Disappointment in Science: Do I really have to be the adult in the room?

Jun 12 2014 Published by under Uncategorized

Sometimes I am proud of myself, for example, when I don't give in to my childish impulses to sass the department chair from hell during our interminable faculty meetings. It only leads to trouble. But there are other times when it is hard work to Do The Right Thing (as Spike Lee would have it).

As I tweeted yesterday (and got lots of wonderful support - thank you peeps), my competitive renewal (which is I think of a competing continuation, because thats the old name, and I am an old farte) did not get scored. When I was younger, I would have left work then, and gone and  cried or huffed and given vent to my unhappiness. I would have eventually drunk a lot of scotch and eaten a lot of chocolate. Now I have too many people depending on me. . My point in tweeting about this is: it is fucking hard to get funded. Even for the bluehairs.  But responding this way wasn't the hardest thing I've done this week.

We had an animal die in surgery. Not a rodent. A large animal. At the end of a very complex surgery. After 5.5 hrs of work. After more than a week of training. It was my fault, I wasn't paying enough attention to the person paying attention to the vitals. I brushed the tech off and keep going. The person at the vitals thinks it was their fault for not being insistent enough. The post-doc thinks it was their fault for not paying attention to everything, because it is their project. But right after it happened, and we were doing the post with the vet, both the assistant and postdoc looked bad. Green-unhappy-about-to-cry-or-puke bad. I wrenched myself out of my feelings and told both of them to go get a cup of coffee and sit in the courtyard and take a moment. I stayed with the vet, as did the medical students (M1's) who were avid to see the autopsy.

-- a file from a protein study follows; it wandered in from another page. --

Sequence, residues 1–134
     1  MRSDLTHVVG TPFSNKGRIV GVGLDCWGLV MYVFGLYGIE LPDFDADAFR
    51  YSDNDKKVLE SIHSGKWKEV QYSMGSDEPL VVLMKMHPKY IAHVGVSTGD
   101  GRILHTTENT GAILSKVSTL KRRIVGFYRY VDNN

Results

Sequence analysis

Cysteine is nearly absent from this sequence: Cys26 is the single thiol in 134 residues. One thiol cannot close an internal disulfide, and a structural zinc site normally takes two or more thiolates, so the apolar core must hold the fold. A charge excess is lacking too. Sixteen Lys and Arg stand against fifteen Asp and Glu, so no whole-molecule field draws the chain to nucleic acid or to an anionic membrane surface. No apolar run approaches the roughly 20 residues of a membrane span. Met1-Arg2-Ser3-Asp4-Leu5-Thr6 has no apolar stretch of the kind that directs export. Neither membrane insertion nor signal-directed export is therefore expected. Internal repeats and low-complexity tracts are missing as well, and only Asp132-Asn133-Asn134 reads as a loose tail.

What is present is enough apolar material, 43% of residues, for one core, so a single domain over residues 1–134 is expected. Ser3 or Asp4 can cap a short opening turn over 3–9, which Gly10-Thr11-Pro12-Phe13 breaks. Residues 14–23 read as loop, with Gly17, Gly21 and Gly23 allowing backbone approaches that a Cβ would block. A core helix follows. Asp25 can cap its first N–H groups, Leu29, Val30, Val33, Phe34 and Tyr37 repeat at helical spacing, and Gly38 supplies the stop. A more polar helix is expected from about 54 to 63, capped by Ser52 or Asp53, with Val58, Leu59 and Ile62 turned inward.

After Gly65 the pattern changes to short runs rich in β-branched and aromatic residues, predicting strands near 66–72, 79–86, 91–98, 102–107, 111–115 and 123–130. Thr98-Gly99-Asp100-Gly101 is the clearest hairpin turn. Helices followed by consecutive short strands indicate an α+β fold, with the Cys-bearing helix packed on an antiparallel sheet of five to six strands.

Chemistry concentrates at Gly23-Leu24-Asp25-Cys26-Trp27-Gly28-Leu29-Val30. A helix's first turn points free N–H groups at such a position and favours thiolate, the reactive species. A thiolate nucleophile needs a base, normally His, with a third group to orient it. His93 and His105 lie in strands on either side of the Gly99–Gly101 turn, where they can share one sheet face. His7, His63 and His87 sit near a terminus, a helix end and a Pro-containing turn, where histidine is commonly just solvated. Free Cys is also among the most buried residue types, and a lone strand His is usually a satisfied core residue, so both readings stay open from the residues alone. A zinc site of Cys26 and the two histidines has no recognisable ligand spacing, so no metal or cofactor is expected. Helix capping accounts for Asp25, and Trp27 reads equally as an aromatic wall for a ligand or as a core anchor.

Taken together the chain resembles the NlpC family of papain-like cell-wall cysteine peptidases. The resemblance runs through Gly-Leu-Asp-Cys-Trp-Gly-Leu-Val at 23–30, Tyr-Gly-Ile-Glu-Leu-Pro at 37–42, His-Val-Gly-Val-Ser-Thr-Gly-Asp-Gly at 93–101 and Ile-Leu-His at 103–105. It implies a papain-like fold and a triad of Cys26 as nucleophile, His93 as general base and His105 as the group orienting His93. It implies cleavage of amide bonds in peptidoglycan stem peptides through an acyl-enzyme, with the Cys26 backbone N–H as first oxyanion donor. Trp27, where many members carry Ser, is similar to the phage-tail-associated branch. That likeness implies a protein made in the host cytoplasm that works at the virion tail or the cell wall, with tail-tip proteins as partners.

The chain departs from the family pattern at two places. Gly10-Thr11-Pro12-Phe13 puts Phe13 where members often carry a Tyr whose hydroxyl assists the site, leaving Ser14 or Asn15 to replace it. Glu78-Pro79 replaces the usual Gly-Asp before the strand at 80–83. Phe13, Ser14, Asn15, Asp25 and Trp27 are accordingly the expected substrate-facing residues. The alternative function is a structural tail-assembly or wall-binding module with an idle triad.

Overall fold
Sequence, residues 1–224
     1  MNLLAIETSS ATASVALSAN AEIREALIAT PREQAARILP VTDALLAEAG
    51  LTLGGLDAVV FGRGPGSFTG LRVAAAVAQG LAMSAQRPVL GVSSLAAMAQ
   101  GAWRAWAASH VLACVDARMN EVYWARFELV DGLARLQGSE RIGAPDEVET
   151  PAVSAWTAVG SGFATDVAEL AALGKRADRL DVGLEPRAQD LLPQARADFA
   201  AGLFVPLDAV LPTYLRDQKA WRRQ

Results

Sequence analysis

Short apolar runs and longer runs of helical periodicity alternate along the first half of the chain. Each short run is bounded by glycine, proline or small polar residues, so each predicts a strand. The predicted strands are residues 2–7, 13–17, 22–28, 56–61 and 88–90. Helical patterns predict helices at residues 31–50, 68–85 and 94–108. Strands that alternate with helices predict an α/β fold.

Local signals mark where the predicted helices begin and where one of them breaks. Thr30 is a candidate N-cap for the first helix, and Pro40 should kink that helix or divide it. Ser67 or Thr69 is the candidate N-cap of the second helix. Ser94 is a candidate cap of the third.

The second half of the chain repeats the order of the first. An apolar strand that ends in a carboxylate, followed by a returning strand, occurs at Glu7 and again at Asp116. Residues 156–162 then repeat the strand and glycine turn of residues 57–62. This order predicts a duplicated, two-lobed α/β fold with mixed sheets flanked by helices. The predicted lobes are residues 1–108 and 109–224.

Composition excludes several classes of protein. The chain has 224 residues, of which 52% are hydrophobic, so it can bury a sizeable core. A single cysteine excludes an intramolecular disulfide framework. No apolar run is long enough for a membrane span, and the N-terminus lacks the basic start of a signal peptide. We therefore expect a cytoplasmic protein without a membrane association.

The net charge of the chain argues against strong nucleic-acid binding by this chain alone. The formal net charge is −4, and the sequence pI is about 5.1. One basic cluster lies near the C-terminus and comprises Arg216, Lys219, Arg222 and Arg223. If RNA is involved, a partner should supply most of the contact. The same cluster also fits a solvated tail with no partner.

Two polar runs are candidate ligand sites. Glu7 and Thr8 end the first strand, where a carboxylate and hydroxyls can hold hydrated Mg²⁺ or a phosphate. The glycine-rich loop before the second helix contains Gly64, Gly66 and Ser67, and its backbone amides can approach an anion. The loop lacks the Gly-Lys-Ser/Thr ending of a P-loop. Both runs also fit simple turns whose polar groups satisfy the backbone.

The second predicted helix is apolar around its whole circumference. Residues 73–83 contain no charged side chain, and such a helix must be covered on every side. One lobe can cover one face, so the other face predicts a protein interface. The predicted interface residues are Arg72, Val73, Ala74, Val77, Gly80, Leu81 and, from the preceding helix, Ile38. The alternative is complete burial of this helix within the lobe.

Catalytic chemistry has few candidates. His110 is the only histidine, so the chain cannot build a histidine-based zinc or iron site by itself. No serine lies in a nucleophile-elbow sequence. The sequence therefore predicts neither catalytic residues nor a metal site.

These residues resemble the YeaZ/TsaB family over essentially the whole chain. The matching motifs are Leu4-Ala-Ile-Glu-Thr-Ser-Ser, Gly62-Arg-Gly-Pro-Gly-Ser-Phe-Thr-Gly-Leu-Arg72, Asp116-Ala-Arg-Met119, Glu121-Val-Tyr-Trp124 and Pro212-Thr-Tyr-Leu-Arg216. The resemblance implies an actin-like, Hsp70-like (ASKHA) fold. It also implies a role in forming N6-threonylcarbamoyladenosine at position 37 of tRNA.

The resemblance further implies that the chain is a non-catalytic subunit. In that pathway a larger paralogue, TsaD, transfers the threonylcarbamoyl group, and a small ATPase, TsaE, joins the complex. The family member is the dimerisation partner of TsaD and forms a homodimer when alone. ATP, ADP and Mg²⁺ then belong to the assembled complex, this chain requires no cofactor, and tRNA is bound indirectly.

Later both came to me to thank me for responding the way I did. They felt that it was OK to make a mistake (despite my insisting it was my mistake/responsibility as head surgeon for that procedure). They also said they appreciated my response. Do PI's really yell at their trainees and techs when they, the PI, does something wrong? WTF? Anyway, I feel wretched about the animal, depressed about the grant but incredibly good about my team.


11 responses so far

  • dr24hours says:

    I'm sorry for the week you're having. It sounds to me like you handled the situation incredibly well. As a quality engineer, if something like that (well, something analogous) happened in my job, we'd have a sit down root-cause analysis. As they say in my field: mistakes are opportunities to learn. As you say, no point in blaming people. Not even if it *were* someone's egregious mistake. Because systems can be made (almost) mistake proof, and so a mistake is a chance to improve the system.

    Anyway, I hope your fortunes recover rapidly. Thanks for showing the right way to handle adversity.

    • mistressoftheanimals says:

      Oh we did the post on both the animal and the procedures. Immediately with the vet. Later the next day. Changed procedures, discussed (as a group) how to make it better. Learning was rampant.

  • DrugMonkey says:

    I agree. It can be hard to be the adult.

    (And it's competing continuation to me too)

  • DrugMonkey says:

    Oh and huffing is never a good solution.

    • mistressoftheanimals says:

      different huffing than what you're thinking. huffing as in huffing and puffing and saying nasty, inappropriate things to people that later will cause to produce abject apologies for wackaloon behavior.

  • becca says:

    What you did was likely helpful to them *beyond* just "not yelling at them". To expect them to e.g. be avid to see the autopsy is also unrealistic. That time to compose oneself is valuable, and it is a rare thing to be offered with no cost (some of us learn, as adults in the room, eventually, to take that time either way. But to have it offered? That is unusual. And good). Animal work carries a psychic strain for many of us, particularly for situations that are new. And, science powers willing, loosing an animal like this will be a rare enough experience that folks may never "get used" to it. To have that be ok is very valuable.

  • Dr Becca says:

    PT, you continue to be a role model and inspiration, seriously. Thank you for sharing.

  • Heavy says:

    That post puts all of my supposedly big issues into perspective. Thank you.

  • katiesci says:

    I think your response was amazing. Sorry about the grant.

  • DrLizzyMoore says:

    Yes. What Dr. Becca said. + you're awesome.

  • […] is whether to go  to a microbrew pub or a wine bar to unwind. We are all exhausted. It has been a very hard set of experiments. Everyone is very tired. Very very tired. This set will be done by Monday. We have 3 weeks before […]

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